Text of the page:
In the 12th century, Bologna [Italy] had up to 180 towers as high as 97 meters [318 feet] which made it look like a medieval manhattan.
In 1123, the people of Greenland asked King Sigurd of Norway to send them a bishop along with a polar bear as a gift to accompany their request.
In 1102, Baldwin I was defeated in battle by an Egyptian army, was besieged at Ramla, escaped with 5 companions, was taken to Jaffa by an English pirate, and then returned to battle to defeat the Egyptians.
In 1162, in revenge for insulting his wife (Beatrice), Frederick I, the Holy Roman Emperor forced every resident of Milan who wished to live to pluck a fig placed into the genitals of a female mule.
In 1183, while sultan Saladin was laying siege to a crusader Castle in modern Jordan, he instructed his catapults to avoid the tower of the newlyweds after receiving food from their feast.
16Frederick I Barbarossa
Frederick I Barbarossa (1122 – 1190) was a German Holy Roman Emperor who gathered 100,000 men for a crusade to fight the Saracens, marched to Constantinople then rode his horse out of its depth in the Saleph River and drowned on the morning of the battle.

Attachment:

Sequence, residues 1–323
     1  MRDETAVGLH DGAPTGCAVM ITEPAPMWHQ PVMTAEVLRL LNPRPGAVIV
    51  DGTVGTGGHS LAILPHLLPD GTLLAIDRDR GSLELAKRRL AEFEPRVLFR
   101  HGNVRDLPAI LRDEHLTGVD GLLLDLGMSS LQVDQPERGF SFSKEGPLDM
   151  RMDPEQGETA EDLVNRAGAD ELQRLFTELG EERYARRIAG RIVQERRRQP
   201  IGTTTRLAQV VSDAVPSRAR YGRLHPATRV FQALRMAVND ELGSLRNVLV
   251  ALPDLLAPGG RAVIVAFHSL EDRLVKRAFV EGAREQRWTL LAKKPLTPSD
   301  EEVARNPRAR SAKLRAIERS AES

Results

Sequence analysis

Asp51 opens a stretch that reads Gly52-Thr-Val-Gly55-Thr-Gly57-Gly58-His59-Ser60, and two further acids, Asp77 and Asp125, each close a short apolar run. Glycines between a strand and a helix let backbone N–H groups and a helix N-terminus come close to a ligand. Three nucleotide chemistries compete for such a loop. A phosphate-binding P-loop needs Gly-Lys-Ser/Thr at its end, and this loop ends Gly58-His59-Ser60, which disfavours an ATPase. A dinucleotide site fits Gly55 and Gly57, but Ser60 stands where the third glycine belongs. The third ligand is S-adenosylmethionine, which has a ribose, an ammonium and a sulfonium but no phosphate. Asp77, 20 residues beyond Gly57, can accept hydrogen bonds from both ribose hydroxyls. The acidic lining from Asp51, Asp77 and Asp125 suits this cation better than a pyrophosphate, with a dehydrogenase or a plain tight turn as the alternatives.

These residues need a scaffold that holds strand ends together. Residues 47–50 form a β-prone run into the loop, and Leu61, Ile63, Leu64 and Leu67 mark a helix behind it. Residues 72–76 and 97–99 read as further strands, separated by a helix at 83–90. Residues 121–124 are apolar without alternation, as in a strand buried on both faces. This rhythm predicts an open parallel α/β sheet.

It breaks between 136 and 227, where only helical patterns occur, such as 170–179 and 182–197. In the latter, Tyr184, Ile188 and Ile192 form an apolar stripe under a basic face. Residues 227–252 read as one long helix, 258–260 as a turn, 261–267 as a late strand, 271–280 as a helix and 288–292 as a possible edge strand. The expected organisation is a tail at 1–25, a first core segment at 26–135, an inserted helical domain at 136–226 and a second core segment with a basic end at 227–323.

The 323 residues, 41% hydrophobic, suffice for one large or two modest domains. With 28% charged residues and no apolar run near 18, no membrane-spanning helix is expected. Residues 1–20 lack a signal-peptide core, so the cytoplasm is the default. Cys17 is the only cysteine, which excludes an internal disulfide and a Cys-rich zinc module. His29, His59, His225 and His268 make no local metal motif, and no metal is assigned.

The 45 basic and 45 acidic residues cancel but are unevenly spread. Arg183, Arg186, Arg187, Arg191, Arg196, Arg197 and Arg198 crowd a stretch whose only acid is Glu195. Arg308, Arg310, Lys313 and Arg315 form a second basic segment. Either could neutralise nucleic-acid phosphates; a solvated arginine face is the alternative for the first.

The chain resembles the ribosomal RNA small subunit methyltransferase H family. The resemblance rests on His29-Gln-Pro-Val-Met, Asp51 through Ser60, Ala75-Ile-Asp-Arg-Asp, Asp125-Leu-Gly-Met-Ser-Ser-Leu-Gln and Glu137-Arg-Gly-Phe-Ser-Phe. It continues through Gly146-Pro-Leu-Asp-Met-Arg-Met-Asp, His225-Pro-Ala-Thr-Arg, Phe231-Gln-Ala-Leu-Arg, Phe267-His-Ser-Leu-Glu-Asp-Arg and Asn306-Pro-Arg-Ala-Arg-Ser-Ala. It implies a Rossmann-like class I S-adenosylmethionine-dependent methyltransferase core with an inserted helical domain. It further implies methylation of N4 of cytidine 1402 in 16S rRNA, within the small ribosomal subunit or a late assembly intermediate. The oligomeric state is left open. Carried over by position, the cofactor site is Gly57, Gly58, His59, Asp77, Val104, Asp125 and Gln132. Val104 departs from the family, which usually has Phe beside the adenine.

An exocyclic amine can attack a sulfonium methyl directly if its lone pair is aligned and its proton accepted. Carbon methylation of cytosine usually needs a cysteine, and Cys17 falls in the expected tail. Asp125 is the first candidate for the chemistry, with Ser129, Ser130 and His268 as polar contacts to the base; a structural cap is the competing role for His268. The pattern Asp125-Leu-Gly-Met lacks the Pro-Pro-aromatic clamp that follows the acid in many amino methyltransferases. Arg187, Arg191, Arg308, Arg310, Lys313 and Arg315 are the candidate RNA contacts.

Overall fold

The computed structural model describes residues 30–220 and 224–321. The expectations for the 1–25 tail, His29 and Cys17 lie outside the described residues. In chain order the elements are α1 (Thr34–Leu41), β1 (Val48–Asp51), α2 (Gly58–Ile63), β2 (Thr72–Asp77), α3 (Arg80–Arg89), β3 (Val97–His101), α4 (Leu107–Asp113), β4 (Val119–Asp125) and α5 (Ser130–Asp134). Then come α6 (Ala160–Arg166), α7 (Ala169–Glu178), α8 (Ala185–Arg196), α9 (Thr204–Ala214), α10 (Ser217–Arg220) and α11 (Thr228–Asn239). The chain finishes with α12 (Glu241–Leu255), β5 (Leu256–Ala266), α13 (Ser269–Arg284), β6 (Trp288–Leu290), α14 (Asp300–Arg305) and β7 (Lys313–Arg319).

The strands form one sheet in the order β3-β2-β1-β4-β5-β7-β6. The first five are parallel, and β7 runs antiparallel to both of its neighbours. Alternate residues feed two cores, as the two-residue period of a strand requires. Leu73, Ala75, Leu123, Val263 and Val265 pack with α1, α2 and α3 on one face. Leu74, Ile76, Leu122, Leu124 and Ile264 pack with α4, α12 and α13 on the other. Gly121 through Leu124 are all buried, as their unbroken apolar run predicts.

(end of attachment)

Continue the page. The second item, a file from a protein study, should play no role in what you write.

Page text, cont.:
17Roland the Farter
Roland the Farter was a 12th-century minstrel who was gifted a manor house in Hemingstone, Suffolk, and more than 100 acres of land for performing a dance that ended with “one jump, one whistle, and one fart,” basically for farting on cue.
Martim Moniz was a knight who in 1147, during the Reconquista, sacrificed himself by lodging himself in the doorway of the castle in Lisbon, preventing the moors from fully closing the door. His sacrifice allowed the castle to be conquered.
The pood was a 12th century unit of mass equivalent to 40 funt (or 16.38 kg/36.11 lbs). While abolished for use by the USSR in 1924, the term remains in situational cases, and an old Russian proverb reads, “You know a man when you have eaten a pood of salt with him.”
20Lý Anh Tông
In 1138, Lý Anh Tông was named emperor of Lý Dynasty in Vietnam at the age of 2.